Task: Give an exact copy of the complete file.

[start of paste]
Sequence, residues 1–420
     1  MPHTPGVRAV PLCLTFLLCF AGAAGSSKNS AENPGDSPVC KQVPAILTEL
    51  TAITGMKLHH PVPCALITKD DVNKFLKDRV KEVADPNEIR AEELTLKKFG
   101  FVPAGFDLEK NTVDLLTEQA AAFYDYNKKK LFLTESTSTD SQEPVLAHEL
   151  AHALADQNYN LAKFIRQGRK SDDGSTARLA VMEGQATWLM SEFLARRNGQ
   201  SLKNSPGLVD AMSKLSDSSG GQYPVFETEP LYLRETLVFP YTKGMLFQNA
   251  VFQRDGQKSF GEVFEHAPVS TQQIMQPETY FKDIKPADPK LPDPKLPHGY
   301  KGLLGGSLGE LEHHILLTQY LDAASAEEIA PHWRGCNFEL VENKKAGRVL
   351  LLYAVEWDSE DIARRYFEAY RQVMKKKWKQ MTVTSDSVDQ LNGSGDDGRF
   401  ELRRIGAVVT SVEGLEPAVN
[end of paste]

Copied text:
Sequence, residues 1–420
     1  MPHTPGVRAV PLCLTFLLCF AGAAGSSKNS AENPGDSPVC KQVPAILTEL
    51  TAITGMKLHH PVPCALITKD DVNKFLKDRV KEVADPNEIR AEELTLKKFG
   101  FVPAGFDLEK NTVDLLTEQA AAFYDYNKKK LFLTESTSTD SQEPVLAHEL
   151  AHALADQNYN LAKFIRQGRK SDDGSTARLA VMEGQATWLM SEFLARRNGQ
   201  SLKNSPGLVD AMSKLSDSSG GQYPVFETEP LYLRETLVFP YTKGMLFQNA
   251  VFQRDGQKSF GEVFEHAPVS TQQIMQPETY FKDIKPADPK LPDPKLPHGY
   301  KGLLGGSLGE LEHHILLTQY LDAASAEEIA PHWRGCNFEL VENKKAGRVL
   351  LLYAVEWDSE DIARRYFEAY RQVMKKKWKQ MTVTSDSVDQ LNGSGDDGRF
   401  ELRRIGAVVT SVEGLEPAVN